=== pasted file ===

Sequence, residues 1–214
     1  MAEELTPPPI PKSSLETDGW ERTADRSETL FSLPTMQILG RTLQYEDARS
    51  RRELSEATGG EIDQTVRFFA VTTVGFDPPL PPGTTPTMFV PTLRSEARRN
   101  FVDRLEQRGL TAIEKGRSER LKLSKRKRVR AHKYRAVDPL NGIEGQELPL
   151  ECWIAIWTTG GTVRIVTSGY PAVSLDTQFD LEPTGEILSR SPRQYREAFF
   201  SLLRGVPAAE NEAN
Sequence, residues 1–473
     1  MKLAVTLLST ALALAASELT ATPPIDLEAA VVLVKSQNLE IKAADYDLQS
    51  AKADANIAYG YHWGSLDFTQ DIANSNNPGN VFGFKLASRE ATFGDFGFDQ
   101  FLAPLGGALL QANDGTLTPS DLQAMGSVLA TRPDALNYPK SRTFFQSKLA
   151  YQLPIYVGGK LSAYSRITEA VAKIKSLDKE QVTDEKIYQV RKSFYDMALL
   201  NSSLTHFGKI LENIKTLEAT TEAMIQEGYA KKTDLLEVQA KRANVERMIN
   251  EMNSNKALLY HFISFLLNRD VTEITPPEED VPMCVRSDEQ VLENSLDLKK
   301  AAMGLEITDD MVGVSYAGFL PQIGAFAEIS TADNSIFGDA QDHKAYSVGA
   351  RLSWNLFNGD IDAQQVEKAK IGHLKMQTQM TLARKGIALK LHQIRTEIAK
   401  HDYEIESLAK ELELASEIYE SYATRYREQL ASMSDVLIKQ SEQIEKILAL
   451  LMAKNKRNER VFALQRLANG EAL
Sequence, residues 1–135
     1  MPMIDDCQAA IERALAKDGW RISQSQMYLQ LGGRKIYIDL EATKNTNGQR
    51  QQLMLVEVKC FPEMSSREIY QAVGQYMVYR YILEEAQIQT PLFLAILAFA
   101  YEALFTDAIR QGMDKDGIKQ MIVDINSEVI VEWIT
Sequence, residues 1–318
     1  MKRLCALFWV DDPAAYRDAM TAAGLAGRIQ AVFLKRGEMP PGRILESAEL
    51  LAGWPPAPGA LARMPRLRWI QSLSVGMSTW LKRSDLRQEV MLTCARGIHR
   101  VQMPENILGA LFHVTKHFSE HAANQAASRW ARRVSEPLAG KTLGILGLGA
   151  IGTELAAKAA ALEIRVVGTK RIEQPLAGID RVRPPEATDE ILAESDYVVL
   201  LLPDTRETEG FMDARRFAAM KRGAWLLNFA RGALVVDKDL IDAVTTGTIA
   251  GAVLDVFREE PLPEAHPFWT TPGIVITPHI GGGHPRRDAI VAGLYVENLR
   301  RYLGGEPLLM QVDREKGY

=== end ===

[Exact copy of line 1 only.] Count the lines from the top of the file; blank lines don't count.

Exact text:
Sequence, residues 1–214